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The Anti-Defamation League says a page claiming Jewish people are involved in ritual murder constitutes hate speech and therefore should be removed immediately.
After an explosion of anti-Jewish posts on Twitter in France, the Anti-Defamation League contends that it's too hard for users to report offensive tweets. Twitter begs to differ.
A Paris court has struck down an appeal by the microblogging site, says French newspaper Le Monde.
The company had resisted for months, but finally relents, hoping to "put an end to the dispute" and saying it will do its part to "fight racism and anti-Semitism."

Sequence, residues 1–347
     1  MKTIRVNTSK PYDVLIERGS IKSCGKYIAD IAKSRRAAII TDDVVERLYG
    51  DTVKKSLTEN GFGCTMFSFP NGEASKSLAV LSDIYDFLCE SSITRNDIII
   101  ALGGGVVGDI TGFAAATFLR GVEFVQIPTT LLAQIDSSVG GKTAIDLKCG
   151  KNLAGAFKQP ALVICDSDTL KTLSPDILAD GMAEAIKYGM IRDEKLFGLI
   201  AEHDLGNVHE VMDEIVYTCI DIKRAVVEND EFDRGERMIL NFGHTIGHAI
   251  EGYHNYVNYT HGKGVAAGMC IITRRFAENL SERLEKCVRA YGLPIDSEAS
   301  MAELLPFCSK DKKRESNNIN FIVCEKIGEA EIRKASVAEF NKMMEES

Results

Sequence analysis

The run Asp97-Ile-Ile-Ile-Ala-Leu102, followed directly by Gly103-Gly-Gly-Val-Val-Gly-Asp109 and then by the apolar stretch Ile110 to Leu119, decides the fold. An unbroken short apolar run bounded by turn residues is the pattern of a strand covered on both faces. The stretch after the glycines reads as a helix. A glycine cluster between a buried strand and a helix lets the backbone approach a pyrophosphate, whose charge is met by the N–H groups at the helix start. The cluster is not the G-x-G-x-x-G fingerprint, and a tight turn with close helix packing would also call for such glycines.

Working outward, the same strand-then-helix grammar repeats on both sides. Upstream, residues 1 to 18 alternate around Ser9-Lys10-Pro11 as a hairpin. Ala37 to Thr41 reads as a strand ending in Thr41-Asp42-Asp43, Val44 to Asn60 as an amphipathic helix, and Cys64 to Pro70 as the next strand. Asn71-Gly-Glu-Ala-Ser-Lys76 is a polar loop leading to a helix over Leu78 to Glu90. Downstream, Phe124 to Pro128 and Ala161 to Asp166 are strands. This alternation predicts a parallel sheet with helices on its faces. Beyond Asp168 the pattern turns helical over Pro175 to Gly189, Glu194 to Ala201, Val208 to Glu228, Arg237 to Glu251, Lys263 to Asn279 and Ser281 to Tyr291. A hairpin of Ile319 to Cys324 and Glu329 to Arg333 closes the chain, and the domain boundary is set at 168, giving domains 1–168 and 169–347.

commentary Facebook's refusal to delete a page about "Jewish Ritual Murder" rekindles a simmering debate over how to respond when bigots use social networks to spread racist speech and hateful propaganda.
In the ongoing legal conflict between the social network and the Union of Jewish French Students, a new court case erupts.
Digital communication be so fleeting. You craft clever tweets and pithy posts but never have the chance to truly savor them. In today’s Tech Minute, CNET's Kara Tsuboi reports on two companies that turn your digital musings into real, tangible books.
Tweets from several accounts have disappeared, including Ellen DeGeneres' record-setting selfie from the Oscars.
A Spanish woman, with no known political or terroristic ties, gets a one-year sentence for calling for the assassination of Spain's prime minister, among other tweets.
A group of European rabbis wants Apple to remove the long-running, anti-Semitic hoax known as "The Protocols of the Elders of Zion."